Because abuse can occur in a variety of ways, people may not recognize it right away, even if they are directly affected by it.

Not all abusers use the same tactics.

They may never even threaten physical violence.

Nonetheless, a few key characteristics almost always indicate domestic abuse.

Abusive partners frequently attempt to retain power in the following ways:

  • making all the decisions
  • controlling your words and behavior
  • preventing you from going to work, spending time with friends or loved ones, or visiting your doctor
  • threatening pets and children
  • destroying belongings
  • blaming you for their behavior
  • taking or controlling your money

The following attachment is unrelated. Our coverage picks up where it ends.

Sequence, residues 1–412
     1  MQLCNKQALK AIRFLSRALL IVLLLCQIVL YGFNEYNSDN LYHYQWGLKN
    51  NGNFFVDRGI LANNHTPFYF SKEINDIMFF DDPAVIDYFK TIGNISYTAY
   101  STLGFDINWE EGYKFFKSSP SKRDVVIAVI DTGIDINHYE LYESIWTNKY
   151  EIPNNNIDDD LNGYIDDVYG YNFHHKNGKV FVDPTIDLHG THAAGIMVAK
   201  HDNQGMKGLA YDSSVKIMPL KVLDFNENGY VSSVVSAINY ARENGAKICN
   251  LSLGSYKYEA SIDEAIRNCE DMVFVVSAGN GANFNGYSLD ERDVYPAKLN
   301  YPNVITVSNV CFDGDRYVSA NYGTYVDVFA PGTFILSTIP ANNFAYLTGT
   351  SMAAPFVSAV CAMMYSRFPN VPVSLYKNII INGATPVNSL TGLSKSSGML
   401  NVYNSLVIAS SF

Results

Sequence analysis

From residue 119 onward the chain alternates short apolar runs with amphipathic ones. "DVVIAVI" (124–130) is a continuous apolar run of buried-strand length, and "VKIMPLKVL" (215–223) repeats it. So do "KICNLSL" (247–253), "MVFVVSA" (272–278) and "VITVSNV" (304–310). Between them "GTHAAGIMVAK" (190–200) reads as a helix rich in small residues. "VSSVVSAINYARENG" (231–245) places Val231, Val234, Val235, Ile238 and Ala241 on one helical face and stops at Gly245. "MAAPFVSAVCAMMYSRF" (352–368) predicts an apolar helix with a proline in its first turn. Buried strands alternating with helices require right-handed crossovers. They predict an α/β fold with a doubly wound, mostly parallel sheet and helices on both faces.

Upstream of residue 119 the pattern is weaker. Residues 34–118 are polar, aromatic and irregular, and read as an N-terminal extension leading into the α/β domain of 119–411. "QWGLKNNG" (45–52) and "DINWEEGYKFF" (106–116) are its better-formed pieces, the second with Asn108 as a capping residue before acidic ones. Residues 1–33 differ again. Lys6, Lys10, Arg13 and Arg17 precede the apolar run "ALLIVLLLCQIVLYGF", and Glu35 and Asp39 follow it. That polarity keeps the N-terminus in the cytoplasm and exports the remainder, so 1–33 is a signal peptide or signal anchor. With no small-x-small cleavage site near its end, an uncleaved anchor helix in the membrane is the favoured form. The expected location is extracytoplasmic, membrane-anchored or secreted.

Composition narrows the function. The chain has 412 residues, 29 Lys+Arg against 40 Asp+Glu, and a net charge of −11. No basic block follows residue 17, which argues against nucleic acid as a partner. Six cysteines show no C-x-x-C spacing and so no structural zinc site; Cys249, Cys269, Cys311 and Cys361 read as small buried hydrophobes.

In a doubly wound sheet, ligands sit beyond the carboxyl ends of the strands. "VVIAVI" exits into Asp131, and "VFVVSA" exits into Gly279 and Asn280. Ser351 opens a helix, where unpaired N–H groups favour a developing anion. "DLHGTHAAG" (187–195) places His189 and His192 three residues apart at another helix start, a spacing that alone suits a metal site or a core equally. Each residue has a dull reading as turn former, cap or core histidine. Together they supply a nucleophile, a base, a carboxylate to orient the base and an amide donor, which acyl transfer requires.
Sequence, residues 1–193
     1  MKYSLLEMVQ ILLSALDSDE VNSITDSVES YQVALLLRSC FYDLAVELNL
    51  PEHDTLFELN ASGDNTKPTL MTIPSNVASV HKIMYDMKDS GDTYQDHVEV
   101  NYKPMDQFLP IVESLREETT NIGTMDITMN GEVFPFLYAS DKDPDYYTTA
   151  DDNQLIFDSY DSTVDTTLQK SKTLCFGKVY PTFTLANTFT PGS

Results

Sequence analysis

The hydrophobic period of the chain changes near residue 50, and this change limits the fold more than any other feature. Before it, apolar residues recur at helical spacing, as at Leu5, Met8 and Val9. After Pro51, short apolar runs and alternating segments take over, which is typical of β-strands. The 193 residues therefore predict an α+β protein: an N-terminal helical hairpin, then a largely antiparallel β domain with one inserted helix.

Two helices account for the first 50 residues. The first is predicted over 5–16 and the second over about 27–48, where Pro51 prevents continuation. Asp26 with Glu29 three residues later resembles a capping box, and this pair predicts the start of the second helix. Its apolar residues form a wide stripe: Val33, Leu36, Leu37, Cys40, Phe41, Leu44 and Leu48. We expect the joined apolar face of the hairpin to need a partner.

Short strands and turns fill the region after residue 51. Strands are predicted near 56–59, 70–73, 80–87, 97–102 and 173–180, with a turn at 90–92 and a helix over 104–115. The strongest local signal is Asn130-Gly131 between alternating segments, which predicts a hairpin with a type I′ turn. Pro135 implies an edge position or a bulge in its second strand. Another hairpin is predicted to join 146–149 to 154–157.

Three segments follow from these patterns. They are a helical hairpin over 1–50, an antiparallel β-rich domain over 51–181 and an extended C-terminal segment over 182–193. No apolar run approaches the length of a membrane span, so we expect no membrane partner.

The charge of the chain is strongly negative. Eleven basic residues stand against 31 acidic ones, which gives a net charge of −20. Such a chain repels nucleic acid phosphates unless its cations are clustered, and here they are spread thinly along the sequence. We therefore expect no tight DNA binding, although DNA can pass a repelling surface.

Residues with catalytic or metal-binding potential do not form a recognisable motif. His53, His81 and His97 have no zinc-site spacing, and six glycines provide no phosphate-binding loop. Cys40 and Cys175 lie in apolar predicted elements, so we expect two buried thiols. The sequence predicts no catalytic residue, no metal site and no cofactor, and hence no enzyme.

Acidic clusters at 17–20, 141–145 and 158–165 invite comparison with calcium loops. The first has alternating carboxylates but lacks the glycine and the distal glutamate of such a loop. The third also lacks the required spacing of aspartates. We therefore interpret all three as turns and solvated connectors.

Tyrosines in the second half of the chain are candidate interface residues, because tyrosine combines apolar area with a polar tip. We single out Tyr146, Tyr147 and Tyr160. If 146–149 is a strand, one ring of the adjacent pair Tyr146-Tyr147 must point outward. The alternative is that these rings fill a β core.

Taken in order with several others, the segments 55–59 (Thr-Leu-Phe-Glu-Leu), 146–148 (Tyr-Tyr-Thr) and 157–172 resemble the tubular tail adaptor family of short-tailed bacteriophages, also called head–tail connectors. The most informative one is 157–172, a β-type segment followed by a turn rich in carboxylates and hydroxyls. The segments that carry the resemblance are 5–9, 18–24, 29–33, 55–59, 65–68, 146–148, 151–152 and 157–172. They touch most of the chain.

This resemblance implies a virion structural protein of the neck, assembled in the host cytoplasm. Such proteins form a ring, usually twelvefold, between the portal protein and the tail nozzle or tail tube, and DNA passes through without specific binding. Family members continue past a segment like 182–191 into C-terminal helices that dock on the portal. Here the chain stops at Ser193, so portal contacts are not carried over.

• pressuring you to have sex
  • going through your phone and computer

It’s best to talk to a therapist or advocate right away if your partner does any of these things, or you:

  • feel generally uneasy and unsafe
  • you find yourself changing your behavior to keep them happy because you fear they will hurt you if you do not do what they ask

The four-part abuse cycle is one approach to understanding certain types of relationship abuse. However, because these four stages are not set in stone, using them to predict abuse is not always useful.

Abuse is complicated, and it is often difficult to identify and escape. This crucial reminder can make a significant difference for advocates learning to identify key signs as well as survivors working toward recovery.